This invention is directed to polymers of 4-acetoxystyrene and 4-hydroxystyrene. In one aspect, the invention pertains to a process for preparing aqueous suspensions of poly(4-acetoxystyrene). In another aspect, the invention relates to a process for hydrolyzing poly(4-acetoxystyrene) in aqueous suspension to poly(4-hydroxystyrene).
By the process of this invention, 4-acetoxystyrene is suspended in water in the presence of polyacrylic acid and at least two free radical polymerization catalysts, one of which has a one hour half life below 100° C. and the other has a one hour half life above 100° C. Polymerization is conducted in at least two temperature stages, the one temperature stage being at or below 95° C., the other stage being above 95° C. The resulting polymer while in suspension is hydrolyzed with ammonia to poly(4-hydroxystyrene) and the polymer is recovered in particulate form from the aqueous suspension.
In carrying out the process of this invention, 4-acetoxystyrene monomer is dispersed in water using polyacrylic acid as the suspending aid in the amount of about 0.5 to about 2 weight percent based on the water and preferably about 0.75 to about 1.5 weight percent. The polyacrylic acid has a molecular weight of about 50,000 to about 500,000 and preferably, about 150,000 to about 250,000.
The acetoxystyrene monomer is added to the water in the amount of about 5 to about 30 weight percent based on the weight of monomer and water.
The suspension polymerization of the dispersed 4-acetoxystyrene monomer is catalyzed by at least two free radical polymerization catalysts, the one catalyst having a one hour half life of one hour at a temperature of 100° C. or below, the other catalyst having a 1 hour half life at a temperature above 100° C. Preferably, the one catalyst will have a half life of 1 hour at about 70° to about 100° C. and, most preferably, at about 85° to about 95° C. The other catalyst, preferably, will have a half life of about 101° C. to about 140° C., and, most preferably, at about 115° C. to about 125° C.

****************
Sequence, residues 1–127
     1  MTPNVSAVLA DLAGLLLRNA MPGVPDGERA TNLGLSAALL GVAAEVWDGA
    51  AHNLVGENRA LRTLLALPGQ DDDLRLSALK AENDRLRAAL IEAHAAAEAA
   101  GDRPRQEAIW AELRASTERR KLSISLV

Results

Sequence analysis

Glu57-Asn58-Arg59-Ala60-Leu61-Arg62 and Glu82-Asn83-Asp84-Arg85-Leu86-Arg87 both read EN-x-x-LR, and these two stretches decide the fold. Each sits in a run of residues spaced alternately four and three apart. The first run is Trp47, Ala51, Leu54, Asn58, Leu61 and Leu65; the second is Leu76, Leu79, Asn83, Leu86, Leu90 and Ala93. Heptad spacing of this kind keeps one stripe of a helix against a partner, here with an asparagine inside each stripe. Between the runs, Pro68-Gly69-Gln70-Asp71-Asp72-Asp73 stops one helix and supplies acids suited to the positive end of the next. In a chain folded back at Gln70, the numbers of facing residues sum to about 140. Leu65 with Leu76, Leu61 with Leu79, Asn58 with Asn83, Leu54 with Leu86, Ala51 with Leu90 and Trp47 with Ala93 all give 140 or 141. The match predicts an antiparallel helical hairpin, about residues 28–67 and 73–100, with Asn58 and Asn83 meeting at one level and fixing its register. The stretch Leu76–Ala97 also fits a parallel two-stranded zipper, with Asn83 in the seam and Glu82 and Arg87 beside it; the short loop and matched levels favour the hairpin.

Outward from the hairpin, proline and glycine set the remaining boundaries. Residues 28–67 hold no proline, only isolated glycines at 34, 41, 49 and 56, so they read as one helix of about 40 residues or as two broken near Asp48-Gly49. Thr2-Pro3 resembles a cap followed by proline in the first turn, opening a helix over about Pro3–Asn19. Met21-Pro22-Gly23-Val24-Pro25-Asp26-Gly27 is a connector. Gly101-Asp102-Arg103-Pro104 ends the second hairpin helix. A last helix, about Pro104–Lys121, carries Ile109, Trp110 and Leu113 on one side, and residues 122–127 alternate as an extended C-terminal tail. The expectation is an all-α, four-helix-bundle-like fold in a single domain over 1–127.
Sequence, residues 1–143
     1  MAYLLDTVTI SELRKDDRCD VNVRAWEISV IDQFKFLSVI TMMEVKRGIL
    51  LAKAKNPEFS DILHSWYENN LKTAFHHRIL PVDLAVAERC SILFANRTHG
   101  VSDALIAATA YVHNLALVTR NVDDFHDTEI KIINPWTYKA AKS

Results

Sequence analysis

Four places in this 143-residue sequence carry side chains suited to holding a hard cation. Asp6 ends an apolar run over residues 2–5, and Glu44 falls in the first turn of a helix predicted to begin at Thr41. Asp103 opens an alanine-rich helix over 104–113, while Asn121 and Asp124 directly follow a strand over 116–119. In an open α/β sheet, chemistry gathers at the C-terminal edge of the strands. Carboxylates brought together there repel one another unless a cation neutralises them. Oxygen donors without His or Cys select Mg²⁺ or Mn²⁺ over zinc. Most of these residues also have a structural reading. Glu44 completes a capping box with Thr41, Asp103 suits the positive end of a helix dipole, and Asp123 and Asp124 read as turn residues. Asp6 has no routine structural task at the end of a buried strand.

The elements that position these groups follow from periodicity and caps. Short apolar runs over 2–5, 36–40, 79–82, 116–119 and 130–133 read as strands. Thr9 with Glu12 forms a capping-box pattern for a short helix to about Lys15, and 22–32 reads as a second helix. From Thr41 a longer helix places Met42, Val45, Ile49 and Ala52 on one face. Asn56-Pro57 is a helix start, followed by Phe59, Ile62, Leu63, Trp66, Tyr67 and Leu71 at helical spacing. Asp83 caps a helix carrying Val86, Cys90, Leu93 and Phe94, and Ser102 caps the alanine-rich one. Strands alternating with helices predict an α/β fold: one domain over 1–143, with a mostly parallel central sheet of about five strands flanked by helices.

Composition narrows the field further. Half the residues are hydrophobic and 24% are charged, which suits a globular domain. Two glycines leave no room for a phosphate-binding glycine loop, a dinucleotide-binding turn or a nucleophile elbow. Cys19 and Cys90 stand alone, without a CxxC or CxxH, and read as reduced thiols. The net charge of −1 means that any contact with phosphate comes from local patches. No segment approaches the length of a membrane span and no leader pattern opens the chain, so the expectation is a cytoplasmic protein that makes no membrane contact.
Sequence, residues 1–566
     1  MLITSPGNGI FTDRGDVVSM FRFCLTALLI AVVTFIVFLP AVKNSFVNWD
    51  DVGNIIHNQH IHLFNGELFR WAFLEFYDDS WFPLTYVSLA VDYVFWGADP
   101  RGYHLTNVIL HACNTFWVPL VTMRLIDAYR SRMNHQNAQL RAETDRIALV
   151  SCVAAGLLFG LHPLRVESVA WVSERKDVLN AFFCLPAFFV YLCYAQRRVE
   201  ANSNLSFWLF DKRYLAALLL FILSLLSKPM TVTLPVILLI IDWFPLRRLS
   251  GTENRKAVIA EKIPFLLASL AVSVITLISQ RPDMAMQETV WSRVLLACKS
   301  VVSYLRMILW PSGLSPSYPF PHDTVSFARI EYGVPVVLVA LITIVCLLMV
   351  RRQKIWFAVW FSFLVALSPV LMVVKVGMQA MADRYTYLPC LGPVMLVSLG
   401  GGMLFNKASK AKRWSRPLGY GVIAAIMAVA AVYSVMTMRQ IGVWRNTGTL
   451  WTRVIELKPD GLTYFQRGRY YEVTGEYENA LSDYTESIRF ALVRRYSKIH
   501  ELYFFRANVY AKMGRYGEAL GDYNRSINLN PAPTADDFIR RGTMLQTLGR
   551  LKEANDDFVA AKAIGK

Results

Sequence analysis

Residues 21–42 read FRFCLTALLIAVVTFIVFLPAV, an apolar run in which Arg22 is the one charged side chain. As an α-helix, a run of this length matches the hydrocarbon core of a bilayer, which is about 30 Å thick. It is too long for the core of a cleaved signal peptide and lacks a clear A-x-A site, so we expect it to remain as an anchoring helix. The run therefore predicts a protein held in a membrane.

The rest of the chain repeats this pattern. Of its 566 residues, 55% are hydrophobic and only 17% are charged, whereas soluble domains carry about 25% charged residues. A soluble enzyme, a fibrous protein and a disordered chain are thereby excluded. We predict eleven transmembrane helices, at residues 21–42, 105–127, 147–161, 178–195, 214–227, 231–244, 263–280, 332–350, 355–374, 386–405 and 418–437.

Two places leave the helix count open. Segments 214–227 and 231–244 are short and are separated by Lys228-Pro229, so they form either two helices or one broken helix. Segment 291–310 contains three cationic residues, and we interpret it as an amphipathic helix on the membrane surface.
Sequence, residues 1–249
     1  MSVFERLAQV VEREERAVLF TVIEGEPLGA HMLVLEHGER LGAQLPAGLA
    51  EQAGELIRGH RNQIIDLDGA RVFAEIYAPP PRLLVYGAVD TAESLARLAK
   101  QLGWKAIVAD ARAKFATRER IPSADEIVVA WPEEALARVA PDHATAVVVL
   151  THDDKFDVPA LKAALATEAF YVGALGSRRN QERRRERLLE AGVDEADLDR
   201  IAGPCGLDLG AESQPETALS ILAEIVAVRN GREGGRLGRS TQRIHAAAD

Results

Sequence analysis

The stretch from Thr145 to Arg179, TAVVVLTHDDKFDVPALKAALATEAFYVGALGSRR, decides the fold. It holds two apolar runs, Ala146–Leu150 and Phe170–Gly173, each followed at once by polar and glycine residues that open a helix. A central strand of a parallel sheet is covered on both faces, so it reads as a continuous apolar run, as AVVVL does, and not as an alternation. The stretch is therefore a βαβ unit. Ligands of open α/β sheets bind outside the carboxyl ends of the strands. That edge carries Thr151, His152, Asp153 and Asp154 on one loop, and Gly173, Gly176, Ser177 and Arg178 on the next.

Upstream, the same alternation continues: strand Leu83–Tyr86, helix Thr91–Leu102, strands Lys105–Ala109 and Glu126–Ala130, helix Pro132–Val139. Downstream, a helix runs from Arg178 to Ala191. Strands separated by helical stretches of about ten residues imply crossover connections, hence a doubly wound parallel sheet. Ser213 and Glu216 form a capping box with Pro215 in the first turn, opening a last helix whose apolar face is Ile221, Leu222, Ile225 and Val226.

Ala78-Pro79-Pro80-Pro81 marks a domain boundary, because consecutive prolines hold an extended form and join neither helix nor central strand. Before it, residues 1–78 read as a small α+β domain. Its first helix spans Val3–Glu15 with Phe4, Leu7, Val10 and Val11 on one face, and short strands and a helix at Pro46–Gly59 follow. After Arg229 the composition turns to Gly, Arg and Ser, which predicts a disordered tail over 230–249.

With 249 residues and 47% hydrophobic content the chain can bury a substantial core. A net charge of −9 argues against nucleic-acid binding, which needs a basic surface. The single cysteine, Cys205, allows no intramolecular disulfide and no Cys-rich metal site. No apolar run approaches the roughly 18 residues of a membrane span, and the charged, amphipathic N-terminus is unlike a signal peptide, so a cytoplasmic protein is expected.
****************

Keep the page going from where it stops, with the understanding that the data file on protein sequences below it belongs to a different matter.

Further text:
The amount of each free radical catalyst used in the polymerization process will be from about 0.1 to about 10 weight percent based on the weight of monomer and, preferably, about 0.5 to about 6 weight percent. Most preferably, the catalyst having the lower one hour half life temperature will be used in the amount of about 2 to about 6 weight percent based on the monomer, and the other catalyst will be used in the amount of about 0.5 to about 2 weight percent.
Examples of useful free radical polymerization catalysts having a one hour half life at 100° C. or below include benzoyl peroxide, diisononanoyl peroxide, decanoyl-peroxide, lauroyl peroxide, succinic acid peroxide, acetyl peroxide, t-amylperoxy-pivalate, t-butylperoxy-pivalate, 2,5-dimethyl-2,5-di(2-ethylhexanoylperoxy) hexane, t-amylperoxy-2-ethylhexanoate, t-butyl-peroxy-2-ethylhexanoate, t-butyl-peroxyisobutyrate, t-butylperoxybenzoate, 2,2'-azobis(2,4-dimethylvaleronitrile), 2,2'-azobis(isobutyronitrile), 2,2'-azobis(methylbutyronitrile) and the like. A particularly preferred catalyst is benzoyl peroxide.
Examples of useful free radical polymerization catalysts having a one hour half life above 100° C. include t-butylperoxymaleic acid, t-butylhydroperoxide, n-butyl-4,4-bis(t-butylperoxy)valerate, 1,1-di(t-butylperoxy) 3,3,5-trimethylcyclohexane, 1,1-di(t-butylperoxy) cyclohexane 1,1-di(t-amylperoxy) cyclohexane, 2,2-di(t-butylperoxy) butane, 2,2-di(t-amyl peroxy) propane, t-butyl(2-ethylhexyl) monoperoxy carbonate, t-amyl(2-ethylhexyl) mono peroxy carbonate, t-butylperoxy acetate, t-butylperoxy benzoate 1,1-azobis (cyanocyclohexane), and the like. Particularly preferred catalysts are t-butyl(2-ethylhexyl) monoperoxy carbonate and t-butylperoxy benzoate which is also called t-butyl perbenzoate.